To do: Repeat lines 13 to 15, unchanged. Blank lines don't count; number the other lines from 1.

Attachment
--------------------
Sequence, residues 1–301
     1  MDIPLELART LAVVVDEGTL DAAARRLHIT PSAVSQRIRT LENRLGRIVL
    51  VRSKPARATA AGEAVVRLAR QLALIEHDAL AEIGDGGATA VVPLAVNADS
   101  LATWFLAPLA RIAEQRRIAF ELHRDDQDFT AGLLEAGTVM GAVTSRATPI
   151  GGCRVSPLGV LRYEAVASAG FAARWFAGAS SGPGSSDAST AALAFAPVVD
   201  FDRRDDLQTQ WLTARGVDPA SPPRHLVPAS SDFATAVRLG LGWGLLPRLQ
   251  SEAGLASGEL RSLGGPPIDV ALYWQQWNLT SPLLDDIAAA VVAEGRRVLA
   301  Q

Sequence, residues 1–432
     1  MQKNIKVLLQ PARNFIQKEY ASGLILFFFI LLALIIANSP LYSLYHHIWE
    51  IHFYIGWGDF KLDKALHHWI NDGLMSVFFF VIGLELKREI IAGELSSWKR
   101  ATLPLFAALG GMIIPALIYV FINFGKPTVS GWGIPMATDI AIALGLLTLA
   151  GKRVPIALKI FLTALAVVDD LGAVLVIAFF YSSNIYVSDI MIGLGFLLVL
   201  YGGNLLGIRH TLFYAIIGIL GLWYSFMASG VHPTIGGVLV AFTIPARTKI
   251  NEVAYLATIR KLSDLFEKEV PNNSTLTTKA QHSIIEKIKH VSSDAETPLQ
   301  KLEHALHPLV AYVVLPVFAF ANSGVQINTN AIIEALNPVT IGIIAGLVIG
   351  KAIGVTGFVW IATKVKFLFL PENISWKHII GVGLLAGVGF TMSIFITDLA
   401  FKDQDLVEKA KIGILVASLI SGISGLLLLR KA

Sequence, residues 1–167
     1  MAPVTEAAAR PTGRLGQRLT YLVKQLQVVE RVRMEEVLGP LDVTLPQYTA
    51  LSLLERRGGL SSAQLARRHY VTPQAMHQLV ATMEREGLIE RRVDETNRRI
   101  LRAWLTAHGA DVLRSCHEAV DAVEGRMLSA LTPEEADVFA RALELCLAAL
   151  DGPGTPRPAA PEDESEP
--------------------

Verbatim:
   151  GKRVPIALKI FLTALAVVDD LGAVLVIAFF YSSNIYVSDI MIGLGFLLVL
   201  YGGNLLGIRH TLFYAIIGIL GLWYSFMASG VHPTIGGVLV AFTIPARTKI
   251  NEVAYLATIR KLSDLFEKEV PNNSTLTTKA QHSIIEKIKH VSSDAETPLQ